Have you been considering how to teach your toddler how to get dressed? You may have been looking at the different manufacturers at EKE and noticed that your child was showing an interest themselves. It is important for children to be able to dress themselves not just for the development of their own personality, but also for muscle memory, independence, and more. But how do you achieve this important milestone?
1. Have Realistic Expectations
At some point, children start trying to dress themselves. Depending on their level of coordination, they may find this more or less difficult. Between 18 and 23 months, most kids can put a hat or shoes on. By age 3, they should be able to dress themselves, but may still struggle with fasteners and buttons. By age 5, they should be able to dress themselves independently.
2. Let Your Child Be an Individual
Children, if given the choice, will often put on the most hideous combinations of clothes. You need to allow them to do this, however, as they are developing their own unique and individual style. Try, as well, to involve your kids in shopping for their own clothes. That way, they have more of a chance of picking something that actually looks good, instead of throwing combinations together from clothes they had no input in.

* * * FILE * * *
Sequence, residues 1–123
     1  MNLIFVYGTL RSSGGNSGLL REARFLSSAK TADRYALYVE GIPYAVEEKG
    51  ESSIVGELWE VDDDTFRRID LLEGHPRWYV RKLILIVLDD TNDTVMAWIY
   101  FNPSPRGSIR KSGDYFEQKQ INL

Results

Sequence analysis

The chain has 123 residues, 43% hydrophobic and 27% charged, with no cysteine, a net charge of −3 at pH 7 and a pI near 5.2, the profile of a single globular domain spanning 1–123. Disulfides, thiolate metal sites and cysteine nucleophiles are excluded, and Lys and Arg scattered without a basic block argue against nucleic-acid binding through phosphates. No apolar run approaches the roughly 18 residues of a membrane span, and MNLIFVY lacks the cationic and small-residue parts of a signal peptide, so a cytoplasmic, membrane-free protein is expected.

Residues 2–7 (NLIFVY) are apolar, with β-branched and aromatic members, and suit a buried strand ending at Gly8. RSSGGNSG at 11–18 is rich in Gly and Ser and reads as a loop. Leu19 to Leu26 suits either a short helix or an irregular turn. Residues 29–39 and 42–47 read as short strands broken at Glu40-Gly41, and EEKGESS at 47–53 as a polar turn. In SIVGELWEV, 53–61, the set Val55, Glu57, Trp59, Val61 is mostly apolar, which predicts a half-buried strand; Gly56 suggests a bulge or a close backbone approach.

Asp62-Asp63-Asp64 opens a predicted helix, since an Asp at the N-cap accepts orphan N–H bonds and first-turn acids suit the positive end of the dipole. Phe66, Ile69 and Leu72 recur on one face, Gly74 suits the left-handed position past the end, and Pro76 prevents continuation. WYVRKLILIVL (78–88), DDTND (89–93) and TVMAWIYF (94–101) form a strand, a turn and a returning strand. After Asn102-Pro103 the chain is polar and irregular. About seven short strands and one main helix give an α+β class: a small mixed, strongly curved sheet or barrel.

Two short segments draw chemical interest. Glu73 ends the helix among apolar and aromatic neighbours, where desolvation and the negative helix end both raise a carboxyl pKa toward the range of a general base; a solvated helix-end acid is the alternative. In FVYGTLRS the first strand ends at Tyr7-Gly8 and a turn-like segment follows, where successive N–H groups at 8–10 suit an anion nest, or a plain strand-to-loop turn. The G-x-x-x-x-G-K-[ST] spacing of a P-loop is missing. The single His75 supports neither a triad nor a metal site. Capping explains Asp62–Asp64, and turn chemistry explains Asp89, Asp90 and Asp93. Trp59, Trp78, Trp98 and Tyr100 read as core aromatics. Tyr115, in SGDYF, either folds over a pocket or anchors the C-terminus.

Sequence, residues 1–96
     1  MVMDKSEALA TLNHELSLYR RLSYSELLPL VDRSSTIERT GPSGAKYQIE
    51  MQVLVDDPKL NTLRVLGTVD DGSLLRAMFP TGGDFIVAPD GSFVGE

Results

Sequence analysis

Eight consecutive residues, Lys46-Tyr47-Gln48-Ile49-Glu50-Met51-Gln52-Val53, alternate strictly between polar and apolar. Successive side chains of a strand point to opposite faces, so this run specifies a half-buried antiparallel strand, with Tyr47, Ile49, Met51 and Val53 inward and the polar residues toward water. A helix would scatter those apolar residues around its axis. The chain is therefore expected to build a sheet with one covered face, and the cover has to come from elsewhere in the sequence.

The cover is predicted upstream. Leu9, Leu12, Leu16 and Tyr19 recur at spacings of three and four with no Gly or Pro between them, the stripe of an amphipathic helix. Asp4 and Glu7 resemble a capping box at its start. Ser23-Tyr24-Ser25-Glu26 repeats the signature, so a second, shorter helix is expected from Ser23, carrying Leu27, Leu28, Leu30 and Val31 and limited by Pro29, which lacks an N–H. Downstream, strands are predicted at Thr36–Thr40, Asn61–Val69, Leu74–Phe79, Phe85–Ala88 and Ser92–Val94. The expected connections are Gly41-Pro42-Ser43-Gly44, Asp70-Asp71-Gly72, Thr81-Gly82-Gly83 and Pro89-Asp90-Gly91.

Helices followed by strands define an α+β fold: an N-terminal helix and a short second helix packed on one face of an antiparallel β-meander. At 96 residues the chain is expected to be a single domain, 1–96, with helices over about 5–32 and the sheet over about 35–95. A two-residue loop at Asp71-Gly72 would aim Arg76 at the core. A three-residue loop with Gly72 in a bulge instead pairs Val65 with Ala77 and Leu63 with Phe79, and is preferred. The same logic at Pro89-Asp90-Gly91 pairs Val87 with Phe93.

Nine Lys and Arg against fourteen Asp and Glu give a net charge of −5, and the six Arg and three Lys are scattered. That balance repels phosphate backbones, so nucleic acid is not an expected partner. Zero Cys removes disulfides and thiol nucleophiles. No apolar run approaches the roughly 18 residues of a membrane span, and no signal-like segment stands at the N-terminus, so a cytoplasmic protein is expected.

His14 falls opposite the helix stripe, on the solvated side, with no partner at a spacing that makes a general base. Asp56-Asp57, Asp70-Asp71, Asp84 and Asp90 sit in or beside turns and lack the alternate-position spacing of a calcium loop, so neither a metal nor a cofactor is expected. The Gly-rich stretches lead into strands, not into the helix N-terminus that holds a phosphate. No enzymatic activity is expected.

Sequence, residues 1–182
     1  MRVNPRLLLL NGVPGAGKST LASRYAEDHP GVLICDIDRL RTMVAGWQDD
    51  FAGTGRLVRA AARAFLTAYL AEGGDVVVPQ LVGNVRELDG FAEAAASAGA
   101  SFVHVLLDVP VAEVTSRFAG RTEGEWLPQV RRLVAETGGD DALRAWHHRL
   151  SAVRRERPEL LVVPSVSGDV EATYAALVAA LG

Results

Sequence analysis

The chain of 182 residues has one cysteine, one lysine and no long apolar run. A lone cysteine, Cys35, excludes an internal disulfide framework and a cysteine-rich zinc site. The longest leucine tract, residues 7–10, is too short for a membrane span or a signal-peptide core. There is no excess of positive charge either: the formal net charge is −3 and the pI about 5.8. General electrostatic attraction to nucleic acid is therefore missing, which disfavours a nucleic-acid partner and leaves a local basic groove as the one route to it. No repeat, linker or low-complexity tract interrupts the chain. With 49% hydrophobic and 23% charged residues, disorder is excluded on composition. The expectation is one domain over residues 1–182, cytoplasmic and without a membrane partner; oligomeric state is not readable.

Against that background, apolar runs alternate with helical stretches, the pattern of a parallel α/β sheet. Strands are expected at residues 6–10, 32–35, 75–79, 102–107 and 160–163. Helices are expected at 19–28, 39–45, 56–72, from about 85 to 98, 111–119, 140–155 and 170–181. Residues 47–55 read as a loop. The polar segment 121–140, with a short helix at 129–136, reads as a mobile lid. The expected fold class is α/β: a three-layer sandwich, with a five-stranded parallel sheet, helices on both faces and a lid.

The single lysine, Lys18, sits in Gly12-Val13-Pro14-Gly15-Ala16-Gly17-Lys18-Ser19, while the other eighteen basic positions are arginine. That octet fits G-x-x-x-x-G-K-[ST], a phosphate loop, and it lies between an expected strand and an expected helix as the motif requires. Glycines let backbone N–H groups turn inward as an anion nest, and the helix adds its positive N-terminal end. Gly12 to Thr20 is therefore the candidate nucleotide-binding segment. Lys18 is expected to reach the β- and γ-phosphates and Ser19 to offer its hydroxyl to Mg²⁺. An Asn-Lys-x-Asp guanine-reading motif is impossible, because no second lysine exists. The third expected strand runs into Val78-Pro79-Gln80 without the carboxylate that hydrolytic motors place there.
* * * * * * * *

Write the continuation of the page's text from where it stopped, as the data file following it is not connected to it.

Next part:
3. Simply Does it
If your child is still in the stage where they are just starting to learn to get dressed, you need to keep it simple for them. Lay out some loose fitting clothes that are easy to put on. Help them if they want you to as well. As the child becomes older, you have to make sure that their clothes are in easy to access places, so that they can pick what they want.
4. Never Criticize
Your child is not failing at life if they are a little slower at learning how to get dressed. They may not show any interest in it and be perfectly happy with you dressing them for ages. Once they do start to get dressed themselves, don’t put any pressure on them. And if things go wrong, help them solve it rather than criticizing them. Don’t tell them they are stupid for putting their t-shirt on the wrong way around, for instance (you would be surprised at how many parents do).
5. Have a Routine Poster in Place
Create, together with your child, a poster with a routine on. Put a picture of your child on it and list all the things that they have to do in easy to understand, visual ways. Make sure it is at a height that the child can see, so that they know exactly what they need to do and when.
6. Get up Earlier
Learning takes time, and you simply cannot rush these things. If you had 10 minutes on the morning to get your child dressed, you will need a lot more if you want your child to do it themselves. Hence, this may mean getting up earlier as well.